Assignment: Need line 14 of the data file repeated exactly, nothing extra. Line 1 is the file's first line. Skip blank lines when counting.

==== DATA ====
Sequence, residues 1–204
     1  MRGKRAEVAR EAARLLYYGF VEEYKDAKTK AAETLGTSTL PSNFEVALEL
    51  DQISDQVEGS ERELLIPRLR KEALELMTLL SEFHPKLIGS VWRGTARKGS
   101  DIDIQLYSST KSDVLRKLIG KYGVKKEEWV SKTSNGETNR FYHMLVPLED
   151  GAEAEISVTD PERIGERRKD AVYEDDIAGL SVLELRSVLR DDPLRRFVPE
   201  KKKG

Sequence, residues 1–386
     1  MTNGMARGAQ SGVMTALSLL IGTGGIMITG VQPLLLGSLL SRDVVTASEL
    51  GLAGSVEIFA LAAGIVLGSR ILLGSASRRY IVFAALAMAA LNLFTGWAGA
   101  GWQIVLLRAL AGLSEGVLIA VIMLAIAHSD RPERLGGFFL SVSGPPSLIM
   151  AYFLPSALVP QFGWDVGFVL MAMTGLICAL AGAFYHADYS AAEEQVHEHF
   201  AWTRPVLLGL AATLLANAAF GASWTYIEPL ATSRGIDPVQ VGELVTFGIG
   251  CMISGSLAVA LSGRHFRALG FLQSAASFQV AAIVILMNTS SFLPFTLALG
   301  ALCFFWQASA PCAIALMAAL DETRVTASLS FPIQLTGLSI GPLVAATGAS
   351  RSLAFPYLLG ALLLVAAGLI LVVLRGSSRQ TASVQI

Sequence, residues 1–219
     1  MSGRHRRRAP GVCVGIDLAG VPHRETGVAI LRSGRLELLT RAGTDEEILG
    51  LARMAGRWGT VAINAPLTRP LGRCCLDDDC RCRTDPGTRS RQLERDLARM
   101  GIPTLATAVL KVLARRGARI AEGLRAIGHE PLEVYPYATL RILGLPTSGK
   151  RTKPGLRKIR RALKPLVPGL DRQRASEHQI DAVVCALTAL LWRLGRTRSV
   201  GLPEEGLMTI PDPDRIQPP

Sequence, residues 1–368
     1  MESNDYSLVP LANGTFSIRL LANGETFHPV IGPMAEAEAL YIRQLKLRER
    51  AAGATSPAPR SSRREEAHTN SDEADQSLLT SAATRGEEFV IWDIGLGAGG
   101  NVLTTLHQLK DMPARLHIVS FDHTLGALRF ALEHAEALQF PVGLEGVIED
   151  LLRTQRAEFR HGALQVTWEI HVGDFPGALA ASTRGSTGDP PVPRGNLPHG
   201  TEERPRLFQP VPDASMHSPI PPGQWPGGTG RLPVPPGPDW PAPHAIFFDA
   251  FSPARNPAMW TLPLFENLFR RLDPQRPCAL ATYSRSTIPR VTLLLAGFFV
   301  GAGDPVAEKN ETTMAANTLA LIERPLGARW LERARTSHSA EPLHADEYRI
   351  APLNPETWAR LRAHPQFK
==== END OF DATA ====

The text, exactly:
   301  ALCFFWQASA PCAIALMAAL DETRVTASLS FPIQLTGLSI GPLVAATGAS